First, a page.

The fibre was then covered with scrim and placed correctly over the frame. Ensuring the waft and weft is parallel with the frame. I temporarily tacked the scrim, to start the process of a stitched edge. Stuffing ties held the fibre in place whilst I worked on the stitched edge. The edge needed a lot more fibre, so with the stuffing ties in place, I took the temporary tacks out and added more stuffing, rolling over the scrim and permanently tacking down the scrim with fine tacks on the edge of the frame. Using a regulator, the fibre was teased outwards towards the edges, creating the desired shape. It’s important to follow the thread of the scrim when stitching. I chalked out stitch lines, starting from just above the tacks. If however there are curves in the frame, the thread lines will be distorted. Firstly, I created a line of blind stitching, using a bayonet double-pointed needle. After each stitch line, I regulated again. Top stitching at least two lines. The edges should feel harder than the inside of the seat.
Once the stitched edge was done, a second layer of bridal ties held a thin layer of mixed animal hair. This smoothed out any uneven areas the stitching or ties had caused. Skin wadding was placed over the hair, to ensure the hair did not poke through the fabric. My final step was to cover with calico, attached with tacks. The fabric was next.
Repeat the fibre/stitched edge process for the arm and scroll back. There were no springs on the arm or back. The arm needed less lines of stitching due to the shape and the back needed an even scroll with a stitched edge.
I covered the arm with a plain grey fabric, and then used a dramatic print for the seat and back. It’s important that the fabric is tight. Not so tight it distorts the chair shape but just enough. Test this by pushing your hands from the outside edges to the middle. If there is excess fabric in-between your closed hand, it’s not tight enough. Folds on the corners are also important. Double pleats worked well on this seat. Pleats should be the same on each corner.
To place the fabric, width and length measurements need to be taken. I made sure there was enough fabric to go under the frame and through to the back frame, where it will be attached. I centralised the pattern and took care it was straight along the seat.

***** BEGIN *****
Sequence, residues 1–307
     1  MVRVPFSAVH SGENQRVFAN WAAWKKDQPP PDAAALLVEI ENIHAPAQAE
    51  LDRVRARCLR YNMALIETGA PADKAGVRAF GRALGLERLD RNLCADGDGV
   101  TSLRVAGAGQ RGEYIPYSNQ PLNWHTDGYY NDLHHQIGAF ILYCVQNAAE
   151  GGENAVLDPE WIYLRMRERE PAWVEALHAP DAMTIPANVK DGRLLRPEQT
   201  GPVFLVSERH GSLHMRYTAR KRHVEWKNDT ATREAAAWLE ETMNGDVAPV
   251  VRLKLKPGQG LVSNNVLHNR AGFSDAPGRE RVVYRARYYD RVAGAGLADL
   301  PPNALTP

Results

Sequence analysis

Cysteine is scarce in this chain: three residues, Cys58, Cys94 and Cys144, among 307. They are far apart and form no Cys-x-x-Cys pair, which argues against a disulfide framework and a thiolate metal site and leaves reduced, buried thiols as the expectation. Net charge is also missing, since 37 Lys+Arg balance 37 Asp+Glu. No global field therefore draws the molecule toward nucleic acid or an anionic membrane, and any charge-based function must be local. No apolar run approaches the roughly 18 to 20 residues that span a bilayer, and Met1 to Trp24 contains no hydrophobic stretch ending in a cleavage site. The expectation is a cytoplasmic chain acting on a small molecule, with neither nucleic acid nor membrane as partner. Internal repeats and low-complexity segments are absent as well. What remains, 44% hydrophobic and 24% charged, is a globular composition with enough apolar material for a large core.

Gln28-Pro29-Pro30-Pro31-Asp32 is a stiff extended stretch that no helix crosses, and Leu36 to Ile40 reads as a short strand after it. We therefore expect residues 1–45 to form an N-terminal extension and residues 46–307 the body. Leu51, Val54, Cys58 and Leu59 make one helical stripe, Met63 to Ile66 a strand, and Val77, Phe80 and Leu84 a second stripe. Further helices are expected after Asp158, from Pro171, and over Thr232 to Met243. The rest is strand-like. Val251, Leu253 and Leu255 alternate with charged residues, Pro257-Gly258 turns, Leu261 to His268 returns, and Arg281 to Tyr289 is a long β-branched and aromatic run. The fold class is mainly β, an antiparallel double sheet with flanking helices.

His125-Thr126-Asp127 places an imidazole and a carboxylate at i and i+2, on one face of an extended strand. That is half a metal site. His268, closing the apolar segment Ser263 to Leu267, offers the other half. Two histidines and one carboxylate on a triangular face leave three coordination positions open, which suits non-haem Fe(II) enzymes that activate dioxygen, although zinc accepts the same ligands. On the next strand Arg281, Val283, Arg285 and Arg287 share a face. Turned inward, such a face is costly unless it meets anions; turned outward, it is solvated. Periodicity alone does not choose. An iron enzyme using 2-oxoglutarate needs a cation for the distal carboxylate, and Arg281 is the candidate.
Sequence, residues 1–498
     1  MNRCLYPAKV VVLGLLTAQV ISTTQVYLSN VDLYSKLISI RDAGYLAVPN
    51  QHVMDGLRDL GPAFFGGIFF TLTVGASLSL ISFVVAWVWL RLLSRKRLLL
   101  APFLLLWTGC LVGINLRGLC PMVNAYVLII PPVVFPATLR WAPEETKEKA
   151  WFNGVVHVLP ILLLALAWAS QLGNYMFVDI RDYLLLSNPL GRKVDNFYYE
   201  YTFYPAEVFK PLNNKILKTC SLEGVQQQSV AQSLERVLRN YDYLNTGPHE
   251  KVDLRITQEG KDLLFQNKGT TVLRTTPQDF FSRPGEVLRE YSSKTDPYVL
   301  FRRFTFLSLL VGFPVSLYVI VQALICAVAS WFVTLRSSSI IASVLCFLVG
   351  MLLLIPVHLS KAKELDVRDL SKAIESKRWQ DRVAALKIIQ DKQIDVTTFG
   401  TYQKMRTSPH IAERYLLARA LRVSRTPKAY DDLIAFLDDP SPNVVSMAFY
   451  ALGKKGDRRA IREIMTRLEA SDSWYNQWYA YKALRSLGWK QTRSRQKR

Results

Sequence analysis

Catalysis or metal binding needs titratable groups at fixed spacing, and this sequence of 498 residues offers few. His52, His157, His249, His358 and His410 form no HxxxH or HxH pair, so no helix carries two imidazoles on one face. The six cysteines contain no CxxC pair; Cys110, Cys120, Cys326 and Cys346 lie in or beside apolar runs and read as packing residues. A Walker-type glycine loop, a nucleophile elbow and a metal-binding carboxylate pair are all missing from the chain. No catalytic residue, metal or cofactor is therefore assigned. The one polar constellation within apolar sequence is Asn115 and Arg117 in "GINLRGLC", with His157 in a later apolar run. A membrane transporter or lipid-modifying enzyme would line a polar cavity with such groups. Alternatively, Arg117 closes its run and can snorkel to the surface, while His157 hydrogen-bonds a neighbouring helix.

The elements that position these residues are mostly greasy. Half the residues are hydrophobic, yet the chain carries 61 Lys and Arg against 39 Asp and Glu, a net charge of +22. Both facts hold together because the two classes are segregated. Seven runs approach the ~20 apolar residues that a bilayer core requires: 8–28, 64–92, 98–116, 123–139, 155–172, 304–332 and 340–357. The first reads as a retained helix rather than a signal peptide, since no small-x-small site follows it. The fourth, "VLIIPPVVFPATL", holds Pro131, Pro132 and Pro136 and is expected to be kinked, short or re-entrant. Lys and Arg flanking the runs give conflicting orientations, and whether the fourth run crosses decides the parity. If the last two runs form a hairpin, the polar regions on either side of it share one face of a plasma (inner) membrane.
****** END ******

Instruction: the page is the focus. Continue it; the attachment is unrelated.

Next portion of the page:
The inside back fabric was more complicated with the scroll. I fixed the position of the fabric and started to fold the scroll until they were even and balanced. The pleats should work with the natural shape of the scroll and the folds should point to a central focal point.
There was a lot of show wood on this Chaise, so the fabric had to be fixed to the indented area just before the show wood.
I decided to use the plain grey for the outside back as well. Hand sewing onto the back frame with a slipstitch using a curved needle and slipping thread.
The Chaise had a black braid placed around the show wood. This was fixed with a glue gun. Braid or gimp not only covers up the tacks but also puts a frame around the fabric.
The last part of the process is to fix a black bottom cloth on the underside of the base, to cover the webbing. The Chaise is now beautifully restored.
If, however, you fel that your chaise longue is beyond repaire and are in need of a replacement, take a look at our stunning, raspberry coloured French 19th Century Chaise Longue which is sure to be a talking point and a piece of feature furniture not to be missed.
This article has been written for us by an old friend of The Victorian Emporium, Claire Platten, who is a fabulous upholsterer based in East London.
Claire Platten studied Fine Art at University, had a successful career in marketing and graphic design before re-training as an upholsterer. Whilst working on furniture commissions, Claire also works on her own collections. Working with modern and traditional techniques, Claire puts her experience with design, colour and craft to produce unique pieces of furniture.